While there have been rumors that the Lower Kuskokwim School District has lost funding for capital projects to build or maintain its school buildings, the Alaska Department of Education (ADOE) says that’s not true.
“All the funding that has been granted to them, it’s not in any jeopardy,” said Tim Mearig, ADOE facilities manager. “We’re only talking about the eligibility for future funding.”
Mearig did confirm that LKSD failed a state inspection in March, but the district says that it’s just a technicality. ADOE requires districts to have a record of the cost and schedule of any maintenance activities done on its buildings.
LKSD Superintendent Dan Walker says that the inspection failure was caused because the district migrated to a new computer system that doesn’t output its report of maintenance activities in the format the state needs. He says that it’s a non-issue because the district will fix the system before the August 1 deadline. If it doesn’t make the fix in time, the district would not be included on ADOE's list of recommended capital projects for fiscal year 2021.
Mearig says that, “it’s a big deal to not be on the list, because there’s a source of funding that has generally been available.”
Only the department’s list of recommended projects for 2021 is in question. The list for 2020 is already final, and ADOE has recommended that the state fund $172 million for LKSD construction projects for that upcoming fiscal year. That’s 89 percent of their total recommendations for all school construction projects in the entire state. Walker says that LKSD needs a huge amount of capital improvement funding because many of their schools were built in the 70s and 80s.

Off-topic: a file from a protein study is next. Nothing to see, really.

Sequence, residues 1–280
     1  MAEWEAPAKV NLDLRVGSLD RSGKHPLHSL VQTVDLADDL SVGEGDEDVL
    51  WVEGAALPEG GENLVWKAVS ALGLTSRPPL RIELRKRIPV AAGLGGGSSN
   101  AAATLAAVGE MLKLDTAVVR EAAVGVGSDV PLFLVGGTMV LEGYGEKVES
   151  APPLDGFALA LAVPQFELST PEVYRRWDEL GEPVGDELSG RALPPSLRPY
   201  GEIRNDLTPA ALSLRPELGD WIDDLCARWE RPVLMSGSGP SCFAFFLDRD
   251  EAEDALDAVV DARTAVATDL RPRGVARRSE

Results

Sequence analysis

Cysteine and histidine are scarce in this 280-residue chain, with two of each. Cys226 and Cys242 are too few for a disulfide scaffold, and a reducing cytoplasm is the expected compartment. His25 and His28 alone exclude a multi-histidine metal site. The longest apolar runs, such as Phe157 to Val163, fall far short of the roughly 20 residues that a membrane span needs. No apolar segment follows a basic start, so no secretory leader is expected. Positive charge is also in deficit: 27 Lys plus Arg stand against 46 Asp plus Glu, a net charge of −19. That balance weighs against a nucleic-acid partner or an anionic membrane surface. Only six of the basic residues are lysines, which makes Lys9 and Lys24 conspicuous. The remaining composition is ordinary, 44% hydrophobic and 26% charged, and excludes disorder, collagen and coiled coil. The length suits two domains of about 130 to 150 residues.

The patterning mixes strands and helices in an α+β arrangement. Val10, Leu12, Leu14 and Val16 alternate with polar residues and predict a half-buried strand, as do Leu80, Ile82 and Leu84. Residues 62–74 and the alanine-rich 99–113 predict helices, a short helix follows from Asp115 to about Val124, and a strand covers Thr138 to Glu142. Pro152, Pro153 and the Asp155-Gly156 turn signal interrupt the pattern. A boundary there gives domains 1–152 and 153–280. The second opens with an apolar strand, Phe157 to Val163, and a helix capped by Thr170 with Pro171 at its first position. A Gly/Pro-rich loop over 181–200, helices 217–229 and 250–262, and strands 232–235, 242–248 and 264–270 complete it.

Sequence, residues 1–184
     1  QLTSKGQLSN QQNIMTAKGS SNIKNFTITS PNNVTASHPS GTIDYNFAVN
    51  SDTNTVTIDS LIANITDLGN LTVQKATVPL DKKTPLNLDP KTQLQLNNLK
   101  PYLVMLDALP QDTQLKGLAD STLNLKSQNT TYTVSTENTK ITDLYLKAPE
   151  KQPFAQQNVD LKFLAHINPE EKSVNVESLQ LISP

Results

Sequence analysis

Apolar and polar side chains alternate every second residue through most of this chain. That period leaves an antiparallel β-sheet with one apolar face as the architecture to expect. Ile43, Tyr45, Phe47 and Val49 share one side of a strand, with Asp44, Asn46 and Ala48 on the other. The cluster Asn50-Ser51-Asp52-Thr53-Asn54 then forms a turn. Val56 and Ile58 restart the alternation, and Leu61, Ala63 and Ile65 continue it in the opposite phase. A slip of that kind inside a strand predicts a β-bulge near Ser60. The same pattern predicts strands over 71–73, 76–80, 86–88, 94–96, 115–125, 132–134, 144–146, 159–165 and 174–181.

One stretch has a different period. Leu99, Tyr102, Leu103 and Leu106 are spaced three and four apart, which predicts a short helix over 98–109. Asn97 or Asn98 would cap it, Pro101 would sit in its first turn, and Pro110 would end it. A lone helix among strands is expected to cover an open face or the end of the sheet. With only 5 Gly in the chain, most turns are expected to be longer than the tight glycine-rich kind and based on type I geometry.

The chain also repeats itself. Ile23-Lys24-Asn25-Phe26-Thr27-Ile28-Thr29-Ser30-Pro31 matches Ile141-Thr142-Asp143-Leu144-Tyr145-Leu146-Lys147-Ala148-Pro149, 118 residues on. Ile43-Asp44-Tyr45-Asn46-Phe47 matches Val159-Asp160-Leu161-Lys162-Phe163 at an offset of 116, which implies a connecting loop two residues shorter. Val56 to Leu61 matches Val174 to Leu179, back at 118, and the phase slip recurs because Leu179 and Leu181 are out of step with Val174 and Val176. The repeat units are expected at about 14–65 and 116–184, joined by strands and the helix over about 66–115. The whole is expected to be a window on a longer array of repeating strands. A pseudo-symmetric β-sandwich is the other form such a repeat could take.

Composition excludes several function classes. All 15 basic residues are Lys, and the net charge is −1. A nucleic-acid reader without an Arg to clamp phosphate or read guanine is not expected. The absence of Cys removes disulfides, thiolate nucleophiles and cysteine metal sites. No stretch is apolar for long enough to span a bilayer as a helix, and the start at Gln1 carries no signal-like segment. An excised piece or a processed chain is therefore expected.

“Now those schools have reached end of life and need to be replaced,” Walker said. In addition, many schools have been built near a waterway and are at risk of eroding away.
However, the state legislature hasn’t even decided on whether it will take ADOE's recommendations for 2020. It has not passed the budget for next year, which leaves the school district unsure when any of its construction projects will begin.
Among pending construction projects for LKSD is the replacement building for the Ayaprun Elitnaurvik Yup’ik Immersion School that burned down in 2015. Walker says that the effort to rebuild the school is held up because of a dispute with the insurance company over the value of the building that burned down.
“We have filed a lawsuit,” Walker said.
The timeline for that lawsuit and the construction of the new immersion school is undetermined. In the meantime, immersion school students remain at the Kipusvik building that LKSD recently signed a 15-year lease extension on.